Oscar predictions

King's Speech & Social Network duke it out for the Oscars

King's Speech & Social Network duke it out for the Oscars

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"The Social Network"
The King's Speech
"The King's Speech"
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Natalie Portman in "The Black Swan"
News_Jeff Bridges_True Grit
Jeff Bridges in "True Grit"
Events_Ronald McDonald_Oscar viewing party_March 10
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The King's Speech
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News_Jeff Bridges_True Grit

Attention Oscar handicappers: As of early Tuesday morning, the preliminaries are over, and the heavy-duty prognosticating has begun for the 83rd annual Academy Awards.

As many predicted, the main event is shaping up as a down-to-the wire race between The King’s Speech (leader of the pack with 12 nominations overall) and The Social Network (eight nominations).

After nabbing top honors from several film critics’ organizations (including H-Town’s very own Houston Film Critics Society) and a Golden Globe, Network – David Fincher and Aaron Sorkin’s fleet, flashy and fiercely funny drama about the founding of Facebook -- is widely viewed as the front runner for Best Picture.

But King’s Speech – the true-life story of King George IV’s determined efforts to overcome his stammer and lead England during a time of crisis – is heading into the home stretch with the cachet of being the sort of old-fashioned and uplifting period piece traditionally beloved by older Academy voters. And it doesn’t hurt at all that Harvey Weinstein – the same irrepressible impresario who masterminded the upset of Shakespeare in Love over seemingly prohibitive fave Saving Private Ryan a decade ago – is behind the Oscar campaign for this Brit production as well.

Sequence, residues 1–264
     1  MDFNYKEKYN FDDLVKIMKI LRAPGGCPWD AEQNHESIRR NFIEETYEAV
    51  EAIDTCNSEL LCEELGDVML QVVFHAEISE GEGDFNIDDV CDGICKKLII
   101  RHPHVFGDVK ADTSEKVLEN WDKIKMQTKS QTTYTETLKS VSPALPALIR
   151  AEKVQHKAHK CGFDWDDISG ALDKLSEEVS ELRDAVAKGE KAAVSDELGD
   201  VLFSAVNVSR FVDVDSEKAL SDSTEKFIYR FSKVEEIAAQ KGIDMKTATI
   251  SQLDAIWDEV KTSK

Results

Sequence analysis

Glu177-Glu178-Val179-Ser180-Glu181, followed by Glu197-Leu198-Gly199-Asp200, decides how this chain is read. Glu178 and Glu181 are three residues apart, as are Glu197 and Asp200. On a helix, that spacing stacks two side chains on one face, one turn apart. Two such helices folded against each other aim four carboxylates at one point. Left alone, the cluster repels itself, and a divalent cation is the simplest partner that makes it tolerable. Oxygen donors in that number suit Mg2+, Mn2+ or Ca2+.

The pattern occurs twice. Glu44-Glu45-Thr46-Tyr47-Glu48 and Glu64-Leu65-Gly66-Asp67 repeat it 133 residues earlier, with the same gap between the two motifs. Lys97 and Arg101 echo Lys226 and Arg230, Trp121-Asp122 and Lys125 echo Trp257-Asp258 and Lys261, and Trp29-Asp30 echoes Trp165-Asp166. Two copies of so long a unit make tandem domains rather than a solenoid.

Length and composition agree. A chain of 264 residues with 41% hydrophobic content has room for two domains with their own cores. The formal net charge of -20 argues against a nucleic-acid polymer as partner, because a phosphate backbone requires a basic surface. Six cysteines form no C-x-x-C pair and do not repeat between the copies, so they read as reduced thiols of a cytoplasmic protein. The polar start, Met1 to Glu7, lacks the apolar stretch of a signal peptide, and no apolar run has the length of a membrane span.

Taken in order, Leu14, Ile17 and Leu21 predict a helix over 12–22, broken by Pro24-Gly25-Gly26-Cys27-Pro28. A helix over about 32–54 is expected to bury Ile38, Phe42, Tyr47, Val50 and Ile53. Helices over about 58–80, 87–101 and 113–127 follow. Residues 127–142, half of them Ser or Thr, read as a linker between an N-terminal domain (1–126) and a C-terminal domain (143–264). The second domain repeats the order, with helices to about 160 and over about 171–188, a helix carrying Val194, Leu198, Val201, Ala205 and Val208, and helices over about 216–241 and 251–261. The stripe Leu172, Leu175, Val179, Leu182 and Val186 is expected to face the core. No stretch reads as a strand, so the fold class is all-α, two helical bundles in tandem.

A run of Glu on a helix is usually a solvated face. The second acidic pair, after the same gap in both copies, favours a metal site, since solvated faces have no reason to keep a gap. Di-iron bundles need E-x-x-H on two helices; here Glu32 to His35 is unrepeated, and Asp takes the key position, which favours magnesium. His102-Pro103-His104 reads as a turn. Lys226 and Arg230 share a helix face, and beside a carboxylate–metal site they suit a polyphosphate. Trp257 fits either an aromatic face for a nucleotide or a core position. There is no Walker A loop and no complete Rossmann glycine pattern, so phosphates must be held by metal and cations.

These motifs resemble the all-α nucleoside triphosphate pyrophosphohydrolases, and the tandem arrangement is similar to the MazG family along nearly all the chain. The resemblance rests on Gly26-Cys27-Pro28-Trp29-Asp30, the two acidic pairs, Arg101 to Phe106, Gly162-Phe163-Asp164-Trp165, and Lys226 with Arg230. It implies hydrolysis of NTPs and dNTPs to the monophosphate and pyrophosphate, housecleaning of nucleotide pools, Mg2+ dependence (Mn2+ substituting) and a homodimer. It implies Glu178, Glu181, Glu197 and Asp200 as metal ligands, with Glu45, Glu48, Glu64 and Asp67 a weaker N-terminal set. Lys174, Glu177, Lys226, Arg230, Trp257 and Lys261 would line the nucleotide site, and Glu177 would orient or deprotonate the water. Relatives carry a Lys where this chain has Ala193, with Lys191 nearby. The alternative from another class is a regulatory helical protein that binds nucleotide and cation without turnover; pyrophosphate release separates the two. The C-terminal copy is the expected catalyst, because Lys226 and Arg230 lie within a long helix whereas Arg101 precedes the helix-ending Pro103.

What happens if these two acclaimed nominees cancel each other out in a generation-gap steel-cage grudge match? Well, this being the second consecutive year that the Motion Picture Academy has expanded the list of Best Picture finalists to ten titles, there are eight other films that could benefit from a split vote. (Very, very nice to see the worthy indie Winter’s Bone in this Top 10.)

As I noted last year: If you doubt that a true underdog could ever triumph over more heavily hyped competitors in this category, go talk to the makers of Reds and On Golden Pond, the “sure things” that lost the gold to Chariots of Fire back in 1982.

Already, some veteran Oscar soothsayers – David Poland of Movie City News being only the most prominent – have suggested that True Grit has the right stuff to emerge as a kinda-sorta compromise winner.

To be honest, this strikes me a more than a little unlikely. In fact, if there really is an upset, I think it’s far more plausible that Christopher Nolan’s eye-popping, brain-teasing Inception would score a surprise win.